The past couple weeks, two stories involving trapped children have dominated the headlines. The first group are the immigrant children detained along America’s southern border, herded into improvised camps, locked behind chain-link fences, and in myriad ways brutalized and traumatized.
The second group are the young boys trapped deep underground, in a waterlogged cave in Thailand.
Both stories are heartbreaking; both involve the unfathomable horror of separation, the terror of the unknown. And both, in very different ways, have called forth the best in our common humanity in response.
In Thailand, scores of volunteers, many traveling from countries thousands of miles distant, worked to locate the children and then, at great personal risk, get food and medicine and oxygen tanks into the flooded cave. Now, as I write, the world holds its breath as teams of engineers and divers try to work out a viable rescue plan for the trapped, and weakened, children.
In America, in very different circumstances, citizens by the millions have taken actions to demand the children held hostage by our own government be freed. On June 30, vast numbers took to the streets around the country, protesting the detention of young immigrant children.
I joined the marchers in New York City. The temperature was in the 90s, the humidity intense, the blazing sun scorching the protestors. We convened at 10 a.m. in Foley Square down by the federal buildings in southern Manhattan, a huge crowd of people, waving placards, wearing T-shirts and hats adorned with political slogans, chanting again and again “Shame” as the names of Trump’s henchmen and henchwomen were read out.
Then, slowly, the marchers moved down the urban canyon of Centre Street, away from the ICE building, and onto the Brooklyn Bridge. The first demonstrators reached the entry point well before 11 a.m.; the last of the tens of thousands of protestors didn’t get onto the bridge until 2 p.m.
For three hours, in the searing heat, those tens of thousands of men and women and children, from the superannuated to babies in strollers, black and brown and white, gay and straight, chanted their solidarity with the immigrants Trump’s regime has imprisoned, chanted their disbelief that America has gone into the business of whipping up hatred against the world’s huddled masses and putting thousands of immigrant children into cages.
Every square foot of the bridge’s pedestrian pathway was filled with protestors. At some point, people near me began chanting “immigrants built this bridge.” The noise of the car horns, honking again and again and again, not in typical New York frustration but in raucous support for the demonstrators, was extraordinary.
Halfway across the bridge, I saw an old man, who said that he had two cracked ribs, taking a short breather on a bench. Later, on the Brooklyn side, I saw an elderly lady, who had collapsed in the heat, and was being attended to, oxygen mask over her face, by paramedics. Despite the heat, neither had been willing to stop marching because they knew, in this most immigrant of cities, that they were marching for decency, for morality, for empathy with the weak and solidarity with the detained.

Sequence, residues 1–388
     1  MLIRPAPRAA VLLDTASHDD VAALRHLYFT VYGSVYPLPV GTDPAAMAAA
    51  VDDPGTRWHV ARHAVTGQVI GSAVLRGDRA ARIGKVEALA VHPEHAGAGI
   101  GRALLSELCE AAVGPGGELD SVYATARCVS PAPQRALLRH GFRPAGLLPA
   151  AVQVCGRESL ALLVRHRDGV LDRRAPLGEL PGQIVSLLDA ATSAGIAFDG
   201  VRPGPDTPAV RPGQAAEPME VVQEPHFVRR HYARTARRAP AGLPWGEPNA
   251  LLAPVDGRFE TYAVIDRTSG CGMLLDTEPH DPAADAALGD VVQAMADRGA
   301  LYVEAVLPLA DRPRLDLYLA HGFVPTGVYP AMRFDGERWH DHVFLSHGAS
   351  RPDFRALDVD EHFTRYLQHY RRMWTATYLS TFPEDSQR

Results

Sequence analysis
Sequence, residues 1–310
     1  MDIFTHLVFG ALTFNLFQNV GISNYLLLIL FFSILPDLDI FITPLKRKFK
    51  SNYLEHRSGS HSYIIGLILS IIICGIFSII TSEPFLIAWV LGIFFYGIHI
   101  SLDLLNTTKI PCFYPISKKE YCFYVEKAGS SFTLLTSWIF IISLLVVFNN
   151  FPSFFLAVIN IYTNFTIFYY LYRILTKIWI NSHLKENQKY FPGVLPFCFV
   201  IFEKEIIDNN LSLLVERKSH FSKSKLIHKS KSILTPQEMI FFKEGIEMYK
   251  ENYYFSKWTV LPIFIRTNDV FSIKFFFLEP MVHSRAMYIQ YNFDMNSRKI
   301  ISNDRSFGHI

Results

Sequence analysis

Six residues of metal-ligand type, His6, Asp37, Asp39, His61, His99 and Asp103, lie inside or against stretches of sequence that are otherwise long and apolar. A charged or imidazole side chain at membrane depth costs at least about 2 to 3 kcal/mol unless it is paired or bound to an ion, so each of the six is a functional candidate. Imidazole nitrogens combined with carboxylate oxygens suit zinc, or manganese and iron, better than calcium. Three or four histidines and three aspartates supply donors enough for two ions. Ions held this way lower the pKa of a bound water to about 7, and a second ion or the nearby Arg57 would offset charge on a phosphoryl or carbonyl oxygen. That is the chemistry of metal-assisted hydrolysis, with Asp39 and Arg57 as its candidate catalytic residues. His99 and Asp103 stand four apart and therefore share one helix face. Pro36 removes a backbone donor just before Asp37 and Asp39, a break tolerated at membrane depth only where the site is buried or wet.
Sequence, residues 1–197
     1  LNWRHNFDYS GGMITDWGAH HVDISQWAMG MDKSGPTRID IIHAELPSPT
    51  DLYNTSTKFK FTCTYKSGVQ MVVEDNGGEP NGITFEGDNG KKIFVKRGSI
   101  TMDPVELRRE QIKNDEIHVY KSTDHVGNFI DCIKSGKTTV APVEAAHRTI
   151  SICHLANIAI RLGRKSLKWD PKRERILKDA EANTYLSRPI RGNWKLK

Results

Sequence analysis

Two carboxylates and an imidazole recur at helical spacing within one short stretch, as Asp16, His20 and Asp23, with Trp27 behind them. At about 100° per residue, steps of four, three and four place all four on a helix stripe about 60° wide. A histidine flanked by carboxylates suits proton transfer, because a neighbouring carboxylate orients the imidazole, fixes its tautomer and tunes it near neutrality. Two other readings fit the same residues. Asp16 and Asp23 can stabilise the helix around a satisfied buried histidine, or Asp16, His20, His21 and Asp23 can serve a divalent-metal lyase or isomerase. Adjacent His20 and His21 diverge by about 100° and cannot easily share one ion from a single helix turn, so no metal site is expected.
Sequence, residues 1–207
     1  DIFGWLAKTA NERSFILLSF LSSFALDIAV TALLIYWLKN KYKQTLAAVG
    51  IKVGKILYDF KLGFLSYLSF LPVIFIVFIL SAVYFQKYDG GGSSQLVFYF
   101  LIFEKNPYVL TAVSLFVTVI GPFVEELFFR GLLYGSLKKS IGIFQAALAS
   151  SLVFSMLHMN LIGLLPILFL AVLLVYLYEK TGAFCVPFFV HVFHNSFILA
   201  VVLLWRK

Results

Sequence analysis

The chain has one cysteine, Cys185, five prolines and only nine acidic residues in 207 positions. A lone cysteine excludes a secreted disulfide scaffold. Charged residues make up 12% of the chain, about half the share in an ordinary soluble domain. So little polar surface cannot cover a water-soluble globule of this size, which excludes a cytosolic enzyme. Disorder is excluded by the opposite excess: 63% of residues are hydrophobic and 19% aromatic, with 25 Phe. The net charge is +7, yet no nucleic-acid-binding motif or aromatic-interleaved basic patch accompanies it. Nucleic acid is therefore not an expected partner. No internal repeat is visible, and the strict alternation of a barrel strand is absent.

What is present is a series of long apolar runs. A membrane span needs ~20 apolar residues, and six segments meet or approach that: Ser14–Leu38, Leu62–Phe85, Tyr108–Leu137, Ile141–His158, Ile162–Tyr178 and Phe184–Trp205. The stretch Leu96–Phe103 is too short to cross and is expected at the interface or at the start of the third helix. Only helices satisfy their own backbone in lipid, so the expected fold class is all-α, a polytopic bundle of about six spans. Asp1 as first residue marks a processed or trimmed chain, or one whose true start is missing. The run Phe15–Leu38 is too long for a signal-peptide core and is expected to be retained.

This was America. I felt, for the first time in many, many months, like I was seeing the poet Langston Hughes’ vision of what this wondrous country could be reasserting itself.
Let America be America again./ Let it be the dream it used to be./Let it be the pioneer on the plain/Seeking a home where he himself is free,
is how Hughes opened his magnificent poem.
Many stanzas later, after detailing all the ways in which America was failing when measured against its own ideals, he ended with these lines:
Out of the rack and ruin of our gangster death,/The rape and rot of graft, and stealth, and lies,/We, the people, must redeem/The land, the mines, the plants, the rivers./The mountains and the endless plain – /All, all the stretch of these great green states – /And make America again!
I have read Hughes’ poem, penned 82 years ago, dozens of times recently.
In the eruption of protests this past month, outside federal buildings in cities large and small around the country, along the border, at detention facilities, there are at last the stirrings of redemption. There is a moral outrage percolating now throughout this great land, a sense that, with the taking of the children, with the stealing of the Supreme Court, with the destruction of environmental regulations and the rolling back of 60 years of civil rights advances, everything is on the line.
The greatest experiment in democracy in human history is now being run like a gangster-state. And so we protest, not because we want to spend our days this way, but because now we have to spend our days this way. We protest in the same way the brave rescue teams in Thailand have repeatedly dived into the dangerous waters of the flooded cave, not because they relish danger but because to do otherwise would be a moral failing.
In ever-increasing numbers, and with ever-increasing urgency, as our own political flood waters rise, so we will keep protesting, keep fighting, keep pushing back, until bit by bit we redeem this wondrous democracy from rule by thugs.
Sasha Abramsky is a Sacramento writer who teaches at UC Davis. His latest book is “Jumping at Shadows: The Triumph of Fear and the End of the American Dream.” He can be reached at firstname.lastname@example.org.